Many hospitals that have relied solely on their brick and mortar facilities are now realizing that their physical location is only a part of the health care arsenal they can wield. While hospital facilities are valuable, rare and difficult to reproduce, they often limit their accessibility to those that are geographically local and sufficiently mobile to take advantage of an in-person visit. Beyond the physical structure, the most valuable asset that the hospital employs are its expert physicians. With the appropriate digital infrastructure, their expertise can be deployed well beyond the four walls of the facility.
As 2019 comes to a close, we rounded up our top ten blog posts from the past year. The biggest trends we noticed in our most-read content shows an interest in patient-focused solutions and shifts in healthcare delivery, especially in regards to patient preferences and technological developments.
How we approach healthcare is changing. Patients, even those who have a strong relationship with their primary care physician (PCP) often forgo the traditional office appointment for the convenience of urgent care clinics. Customer-centric technology companies such as Google and Amazon are increasingly venturing into the healthcare field — no surprise, considering nearly one fifth of the United States’ GDP is spent on healthcare — offering a spectrum of patient-focused and directed services, many of which can be accessed easily from a laptop or cellphone. These services seem to resonate with the modern consumer, particularly those who are technologically literate enough to utilize them. Are older generations being left behind in this move towards increasingly digital and consumer-centric healthcare? We spoke to millennial expert Amelie Karam to get her perspective on the differences in healthcare behavior between generations in the United States.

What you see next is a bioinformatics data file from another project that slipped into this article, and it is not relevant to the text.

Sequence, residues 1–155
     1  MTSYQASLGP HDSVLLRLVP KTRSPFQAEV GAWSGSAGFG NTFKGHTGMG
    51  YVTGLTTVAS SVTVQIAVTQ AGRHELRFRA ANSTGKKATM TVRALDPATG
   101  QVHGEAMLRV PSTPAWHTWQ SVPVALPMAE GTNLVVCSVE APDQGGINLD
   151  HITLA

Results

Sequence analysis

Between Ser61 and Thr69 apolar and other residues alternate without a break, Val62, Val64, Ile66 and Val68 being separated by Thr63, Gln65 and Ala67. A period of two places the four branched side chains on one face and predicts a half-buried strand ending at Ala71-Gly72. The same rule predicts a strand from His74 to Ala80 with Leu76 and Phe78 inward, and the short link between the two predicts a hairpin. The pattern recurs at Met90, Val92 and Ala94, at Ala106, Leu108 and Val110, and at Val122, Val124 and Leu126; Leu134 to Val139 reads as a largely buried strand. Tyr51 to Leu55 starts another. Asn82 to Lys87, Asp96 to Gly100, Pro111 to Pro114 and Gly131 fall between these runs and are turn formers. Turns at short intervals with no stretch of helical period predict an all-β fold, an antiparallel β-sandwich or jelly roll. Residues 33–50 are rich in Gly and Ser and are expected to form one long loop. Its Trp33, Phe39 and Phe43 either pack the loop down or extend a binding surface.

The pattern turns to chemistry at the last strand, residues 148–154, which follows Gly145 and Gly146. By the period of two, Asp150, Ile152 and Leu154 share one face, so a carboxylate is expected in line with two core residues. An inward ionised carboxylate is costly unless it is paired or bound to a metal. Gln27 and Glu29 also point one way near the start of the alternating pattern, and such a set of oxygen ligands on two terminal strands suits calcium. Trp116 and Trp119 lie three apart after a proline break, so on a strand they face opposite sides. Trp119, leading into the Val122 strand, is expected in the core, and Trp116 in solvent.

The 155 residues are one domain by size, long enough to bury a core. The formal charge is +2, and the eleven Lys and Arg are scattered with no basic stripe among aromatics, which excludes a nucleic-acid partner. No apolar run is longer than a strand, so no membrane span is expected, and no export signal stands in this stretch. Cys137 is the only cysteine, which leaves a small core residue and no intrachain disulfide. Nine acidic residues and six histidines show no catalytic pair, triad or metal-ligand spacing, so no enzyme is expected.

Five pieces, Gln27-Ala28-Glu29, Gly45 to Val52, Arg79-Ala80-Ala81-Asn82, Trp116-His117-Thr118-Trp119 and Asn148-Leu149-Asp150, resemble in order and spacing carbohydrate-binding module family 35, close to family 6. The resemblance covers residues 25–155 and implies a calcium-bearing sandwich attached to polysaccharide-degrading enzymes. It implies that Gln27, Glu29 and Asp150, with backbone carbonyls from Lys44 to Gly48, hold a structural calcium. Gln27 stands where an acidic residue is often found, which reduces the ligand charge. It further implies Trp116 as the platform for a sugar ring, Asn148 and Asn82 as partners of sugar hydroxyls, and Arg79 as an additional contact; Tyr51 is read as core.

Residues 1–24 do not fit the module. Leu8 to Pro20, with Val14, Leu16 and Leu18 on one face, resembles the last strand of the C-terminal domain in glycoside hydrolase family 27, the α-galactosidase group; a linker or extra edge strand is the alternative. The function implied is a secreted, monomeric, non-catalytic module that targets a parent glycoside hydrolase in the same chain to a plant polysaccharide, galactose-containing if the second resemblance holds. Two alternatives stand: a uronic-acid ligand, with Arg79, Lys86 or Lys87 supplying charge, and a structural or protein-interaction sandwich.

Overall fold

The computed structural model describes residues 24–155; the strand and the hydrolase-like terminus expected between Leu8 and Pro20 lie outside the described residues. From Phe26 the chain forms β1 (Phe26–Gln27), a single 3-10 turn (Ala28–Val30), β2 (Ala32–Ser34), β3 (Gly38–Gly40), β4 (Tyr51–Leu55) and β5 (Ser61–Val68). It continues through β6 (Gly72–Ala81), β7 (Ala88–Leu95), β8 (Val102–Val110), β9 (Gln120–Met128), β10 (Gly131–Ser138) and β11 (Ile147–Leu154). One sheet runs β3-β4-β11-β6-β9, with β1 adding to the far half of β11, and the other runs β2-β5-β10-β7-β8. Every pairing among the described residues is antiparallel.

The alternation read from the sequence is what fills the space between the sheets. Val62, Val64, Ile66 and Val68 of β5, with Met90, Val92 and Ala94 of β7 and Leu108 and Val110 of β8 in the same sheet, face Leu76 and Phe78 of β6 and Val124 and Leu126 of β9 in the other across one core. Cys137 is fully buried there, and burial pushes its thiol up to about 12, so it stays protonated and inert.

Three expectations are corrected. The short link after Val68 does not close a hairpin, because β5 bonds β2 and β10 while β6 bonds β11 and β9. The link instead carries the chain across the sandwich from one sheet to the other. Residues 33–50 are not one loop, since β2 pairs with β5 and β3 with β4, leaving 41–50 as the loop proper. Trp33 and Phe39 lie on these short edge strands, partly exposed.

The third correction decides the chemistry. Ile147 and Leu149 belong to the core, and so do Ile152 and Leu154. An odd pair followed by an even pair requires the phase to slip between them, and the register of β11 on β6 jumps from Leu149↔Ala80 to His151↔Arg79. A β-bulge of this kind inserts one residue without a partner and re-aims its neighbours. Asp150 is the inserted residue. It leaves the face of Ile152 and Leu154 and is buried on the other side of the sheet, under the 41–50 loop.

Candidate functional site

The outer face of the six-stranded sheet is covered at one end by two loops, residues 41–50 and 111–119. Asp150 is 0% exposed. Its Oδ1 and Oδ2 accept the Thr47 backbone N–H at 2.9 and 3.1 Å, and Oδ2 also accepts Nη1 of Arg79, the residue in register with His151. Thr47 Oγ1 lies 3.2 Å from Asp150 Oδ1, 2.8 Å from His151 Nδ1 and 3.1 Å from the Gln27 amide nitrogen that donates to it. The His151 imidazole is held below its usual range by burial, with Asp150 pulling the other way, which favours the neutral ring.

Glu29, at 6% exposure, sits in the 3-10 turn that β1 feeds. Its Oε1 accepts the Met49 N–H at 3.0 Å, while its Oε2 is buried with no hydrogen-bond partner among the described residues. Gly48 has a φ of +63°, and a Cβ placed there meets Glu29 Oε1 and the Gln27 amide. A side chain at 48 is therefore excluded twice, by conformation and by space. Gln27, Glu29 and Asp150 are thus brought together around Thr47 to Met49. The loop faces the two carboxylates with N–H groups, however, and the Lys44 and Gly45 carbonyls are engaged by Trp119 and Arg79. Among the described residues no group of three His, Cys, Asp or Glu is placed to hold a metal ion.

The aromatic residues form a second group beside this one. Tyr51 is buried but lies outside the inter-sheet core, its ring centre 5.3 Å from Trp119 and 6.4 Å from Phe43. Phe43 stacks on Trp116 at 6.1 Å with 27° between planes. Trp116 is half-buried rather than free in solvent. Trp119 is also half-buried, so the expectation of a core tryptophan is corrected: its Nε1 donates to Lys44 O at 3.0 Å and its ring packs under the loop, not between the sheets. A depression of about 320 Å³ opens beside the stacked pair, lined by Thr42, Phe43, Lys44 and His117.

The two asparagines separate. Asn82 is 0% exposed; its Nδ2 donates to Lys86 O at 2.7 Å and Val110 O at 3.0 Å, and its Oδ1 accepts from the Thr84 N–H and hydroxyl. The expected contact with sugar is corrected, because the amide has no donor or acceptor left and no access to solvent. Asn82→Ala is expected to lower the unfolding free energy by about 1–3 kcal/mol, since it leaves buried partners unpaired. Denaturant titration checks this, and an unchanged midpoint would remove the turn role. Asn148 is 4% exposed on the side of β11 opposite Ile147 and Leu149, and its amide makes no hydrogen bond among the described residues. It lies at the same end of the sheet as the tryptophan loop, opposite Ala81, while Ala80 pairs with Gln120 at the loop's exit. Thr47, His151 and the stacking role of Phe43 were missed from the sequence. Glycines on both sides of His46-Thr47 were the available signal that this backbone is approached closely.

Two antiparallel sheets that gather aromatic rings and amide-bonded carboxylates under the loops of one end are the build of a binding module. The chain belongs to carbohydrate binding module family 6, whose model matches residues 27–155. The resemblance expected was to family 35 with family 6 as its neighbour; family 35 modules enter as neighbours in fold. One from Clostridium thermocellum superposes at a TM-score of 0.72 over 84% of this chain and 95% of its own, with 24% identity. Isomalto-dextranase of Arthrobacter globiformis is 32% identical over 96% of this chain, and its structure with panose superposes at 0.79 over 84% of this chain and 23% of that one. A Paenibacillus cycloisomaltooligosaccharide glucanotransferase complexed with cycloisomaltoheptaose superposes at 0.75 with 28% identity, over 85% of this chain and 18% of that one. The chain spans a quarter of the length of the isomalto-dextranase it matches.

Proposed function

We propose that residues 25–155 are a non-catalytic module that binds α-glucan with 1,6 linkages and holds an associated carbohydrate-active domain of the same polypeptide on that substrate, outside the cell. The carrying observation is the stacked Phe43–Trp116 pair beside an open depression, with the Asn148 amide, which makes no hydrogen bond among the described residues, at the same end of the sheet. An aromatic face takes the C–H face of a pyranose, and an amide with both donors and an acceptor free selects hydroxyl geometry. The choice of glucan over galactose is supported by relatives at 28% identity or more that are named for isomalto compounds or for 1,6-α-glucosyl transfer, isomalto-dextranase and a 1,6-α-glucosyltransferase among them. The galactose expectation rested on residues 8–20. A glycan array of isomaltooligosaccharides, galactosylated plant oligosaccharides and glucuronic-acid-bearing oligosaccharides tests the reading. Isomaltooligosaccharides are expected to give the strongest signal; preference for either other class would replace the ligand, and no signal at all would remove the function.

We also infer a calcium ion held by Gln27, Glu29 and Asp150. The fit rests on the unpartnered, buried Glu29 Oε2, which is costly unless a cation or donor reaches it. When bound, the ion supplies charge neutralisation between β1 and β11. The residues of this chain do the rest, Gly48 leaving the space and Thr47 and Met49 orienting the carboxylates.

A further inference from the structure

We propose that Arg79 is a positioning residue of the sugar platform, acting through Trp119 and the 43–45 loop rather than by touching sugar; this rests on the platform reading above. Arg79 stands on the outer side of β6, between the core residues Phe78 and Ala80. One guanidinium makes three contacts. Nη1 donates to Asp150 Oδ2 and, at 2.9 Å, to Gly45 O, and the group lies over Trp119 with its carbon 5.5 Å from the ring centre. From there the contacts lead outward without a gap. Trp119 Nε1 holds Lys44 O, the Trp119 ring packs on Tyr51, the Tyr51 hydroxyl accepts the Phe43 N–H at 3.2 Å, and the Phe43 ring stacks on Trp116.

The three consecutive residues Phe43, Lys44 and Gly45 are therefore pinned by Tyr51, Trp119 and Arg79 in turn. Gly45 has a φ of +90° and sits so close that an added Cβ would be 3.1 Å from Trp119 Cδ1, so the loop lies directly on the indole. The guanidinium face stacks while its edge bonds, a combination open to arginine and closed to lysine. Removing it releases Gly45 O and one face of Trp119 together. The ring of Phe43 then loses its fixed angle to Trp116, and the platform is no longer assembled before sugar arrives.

A breast cancer diagnosis can be terrifying. Depending upon the recommended treatment, many patients may want to get a second opinion from another subspecialist before proceeding. This process can be burdensome for everyone involved - you, your patient and the physician providing a second opinion - thanks to the antiquated method of sharing mammograms - gathering your information by mailing CDs or sending faxes (or, even worse - mailing the film itself!)
At the recent Rock Health Summit in San Francisco, a digital healthcare conference focused on tackling healthcare’s biggest challenges, one panelist told a tale that feels all too familiar:
A patient walked into his surgeon’s office ready for his scheduled operation. As requested, he brought along a CD containing a copy of his spine image… only for the surgeons to realize there was no CD drive in the operating room to read it!